In the previous two posts of this series we built a foundation for designing and building a recommendation engine. In the first post we built an understanding for what a recommendation engine looks like and how it works. In the second post we introduced Mahout as a platform for building a recommendation engine. This posts builds on that as we start designing a recommendation from end-to-end, beginning with the ELT process for moving data to a Hadoop Cluster.
Sources of Data
If you recall from the first blog post, there are two core types of data that we use to generate recommendations: explicit and implicit. Common data such as user activities, product ratings, feedback, and purchase/shopping cart history will typically be found in a relational database and is mostly tabular in nature.
Other data such as that used for clicks and/or page views will require web server logs which are more unstructured in nature and will require additional processing in the form of something like a MapReduce job before it can be used. Regardless of the source, the data should be moved into HDFS storage and for that you have a bunch of different options.
Data Movement Tools
There are a number of tools that are available for moving data. This section briefly summarizes some of the most common options.
Hive ODBC Driver
If you have any level of familiarity with HDInsight then you’ve undoubtedly seen the Hive ODBC Driver demos that pull data out of a Hive table and into Excel. But did you know that you can use this same driver to push data back into Hive? For tabular sources of data this can be powerful solution particularly when you combine it with an enterprise ETL tool such as SQL Server Integration Services (SSIS) on SQL Server 2012 as it has a built-in ODBC source and destination courtesy of Attunity.
One consideration to make for this data loading option is throughput or performance. If you are dealing with a very large volume of data, this option may not be for you. Be sure to perform some test and tune your potential solution before you get too far down the road. You can download the current beta Microsoft Hive ODBC driver from http://www.microsoft.com/en-us/download/details.aspx?id=37134 and keep an eye out for the Simba Hive ODBC driver when it becomes available (http://www.bloomberg.com/article/2013-06-26/a93EumhT1cNI.html).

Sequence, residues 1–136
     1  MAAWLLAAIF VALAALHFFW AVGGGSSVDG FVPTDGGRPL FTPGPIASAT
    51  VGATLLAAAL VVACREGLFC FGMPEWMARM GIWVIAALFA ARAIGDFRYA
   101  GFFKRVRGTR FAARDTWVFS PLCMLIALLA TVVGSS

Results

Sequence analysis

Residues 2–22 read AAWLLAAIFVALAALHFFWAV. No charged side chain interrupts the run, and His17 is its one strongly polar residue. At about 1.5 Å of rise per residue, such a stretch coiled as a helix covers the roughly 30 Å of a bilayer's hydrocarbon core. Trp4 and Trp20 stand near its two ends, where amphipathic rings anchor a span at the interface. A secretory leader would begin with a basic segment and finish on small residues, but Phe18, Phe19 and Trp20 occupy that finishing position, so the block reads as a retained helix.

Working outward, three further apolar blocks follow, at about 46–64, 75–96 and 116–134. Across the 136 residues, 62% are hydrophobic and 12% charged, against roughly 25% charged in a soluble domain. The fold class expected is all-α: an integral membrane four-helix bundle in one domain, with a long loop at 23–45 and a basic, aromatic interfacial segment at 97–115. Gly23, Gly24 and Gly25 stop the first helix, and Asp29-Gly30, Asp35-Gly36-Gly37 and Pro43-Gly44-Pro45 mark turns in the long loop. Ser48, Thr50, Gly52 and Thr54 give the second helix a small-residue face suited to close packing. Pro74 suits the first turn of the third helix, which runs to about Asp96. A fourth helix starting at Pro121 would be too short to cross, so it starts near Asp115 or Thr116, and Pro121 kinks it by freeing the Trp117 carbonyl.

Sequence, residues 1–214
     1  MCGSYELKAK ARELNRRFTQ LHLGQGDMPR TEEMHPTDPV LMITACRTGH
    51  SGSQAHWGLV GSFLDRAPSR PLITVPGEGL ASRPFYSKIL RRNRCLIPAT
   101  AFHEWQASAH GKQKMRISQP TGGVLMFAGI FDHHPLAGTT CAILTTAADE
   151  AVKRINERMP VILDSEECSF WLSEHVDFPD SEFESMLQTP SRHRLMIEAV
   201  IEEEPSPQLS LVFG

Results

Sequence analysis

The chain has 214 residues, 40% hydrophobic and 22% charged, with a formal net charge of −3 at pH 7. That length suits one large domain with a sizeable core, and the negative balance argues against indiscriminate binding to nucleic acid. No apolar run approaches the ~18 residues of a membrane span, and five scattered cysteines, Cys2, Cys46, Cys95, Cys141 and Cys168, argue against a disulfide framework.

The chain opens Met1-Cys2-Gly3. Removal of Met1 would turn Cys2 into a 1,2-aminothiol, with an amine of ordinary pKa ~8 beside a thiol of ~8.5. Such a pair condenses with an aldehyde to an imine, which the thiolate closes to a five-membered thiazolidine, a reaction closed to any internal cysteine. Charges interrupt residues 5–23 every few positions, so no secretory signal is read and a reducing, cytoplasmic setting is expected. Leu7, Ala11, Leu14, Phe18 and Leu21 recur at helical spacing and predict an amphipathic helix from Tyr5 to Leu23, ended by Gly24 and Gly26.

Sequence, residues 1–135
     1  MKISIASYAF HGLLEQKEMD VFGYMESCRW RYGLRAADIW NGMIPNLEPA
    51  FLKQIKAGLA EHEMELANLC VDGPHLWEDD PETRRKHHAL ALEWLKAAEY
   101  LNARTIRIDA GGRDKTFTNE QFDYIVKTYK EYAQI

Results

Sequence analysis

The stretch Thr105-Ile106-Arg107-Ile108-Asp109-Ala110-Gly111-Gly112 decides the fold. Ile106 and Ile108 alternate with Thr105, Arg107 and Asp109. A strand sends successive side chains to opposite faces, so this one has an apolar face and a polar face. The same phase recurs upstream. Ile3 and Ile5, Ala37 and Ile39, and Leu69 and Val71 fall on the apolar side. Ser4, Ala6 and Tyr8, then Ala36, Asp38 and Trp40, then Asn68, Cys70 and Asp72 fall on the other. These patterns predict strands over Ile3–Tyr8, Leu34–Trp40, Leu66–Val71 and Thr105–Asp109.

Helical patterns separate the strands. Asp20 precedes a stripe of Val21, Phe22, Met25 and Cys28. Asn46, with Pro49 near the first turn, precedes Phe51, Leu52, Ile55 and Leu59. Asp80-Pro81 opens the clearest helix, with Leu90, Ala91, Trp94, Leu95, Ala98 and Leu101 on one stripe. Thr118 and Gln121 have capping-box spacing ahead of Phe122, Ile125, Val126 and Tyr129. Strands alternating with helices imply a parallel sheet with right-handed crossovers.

I have an in-depth blog post (HERE) on the Sqoop tool so I won’t spend to much time on it beyond a basic description. Sqoop is a data movement tool that is designed to efficiently move data between Hadoop (HDFS) and relational databases and other structured data stores. The tool functions by generating and subsequently running MapReduce jobs which are responsible for doing the heavy lifting. Sqoop is capable of connecting to SQL Server databases (and many others) through the JDBC driver and can be scheduled through Oozie, which is the workflow scheduler of choice in Hadoop or orchestrated into an SSIS workflow.
Apache Flume is a distributed streaming event or data movement service that is capable of collecting, aggregating and moving large amounts of event or log data in a near real-time fashion through a streaming architecture. It is a popular, open source enterpris option found in some of the largest Hadoop eco-scapes. It abstracts away a lot of the complexity involved in handling manageability, scalability, configuration and fault-tolerance associated with data movement.
Flume functions as a series of sources and sinks that come in the form of an agent (the originator of the data), a processor (an optional step that can extract/transform the data) and a collector (persists the data to storage in HDFS). Built-in are tools for handling deployment and scalability scenarios such as easily aggregating logs from 100 different web servers. This is a vast simplification of the process but is sufficient for this post. For more information including check out the project website at http://flume.apache.org/.
AzCopy is a tool specific to Windows Azure and Azure Blob Storage (ASV) that is similar to robocopy or xcopy. Deployed as a command-line utility, this tool allows you to easily copy files into and out of your Azure storage account and could easily by scripted to move data like web server logs out for HDInsight to process. This is clearly a fairly rudimentary approach and for production systems you will need to build some scaffolding around this tool for monitoring and reliability purposes. You can find the AzCopy tool on Github at: https://github.com/downloads/WindowsAzure/azure-sdk-downloads/AzCopy.zip
I would be remiss if I didn’t mention that there are many others ways to get data into your HDInsight/Hadoop cluster. One of the more common of the roll-your-own variety is to transfer or FTP files into the cluster and then use the Hadoop shell’s CopyfromLocal command. to load the file into HDFS. There are numerous others ways which can be investigated if none of the options above work for you.
The objective of this post was pretty simple, introduce the most common tools available for moving data into HDInsight. Multiple options are available and each has strengths and weaknesses in terms of scenarios on when and how it is used. The data, its volume and its velocity will (and should) largely drive your decision. In the next post of this series, we will discuss the data transformations and normalizations that need to be considered to prepare the data for the recommendation algorithms.
Till next time!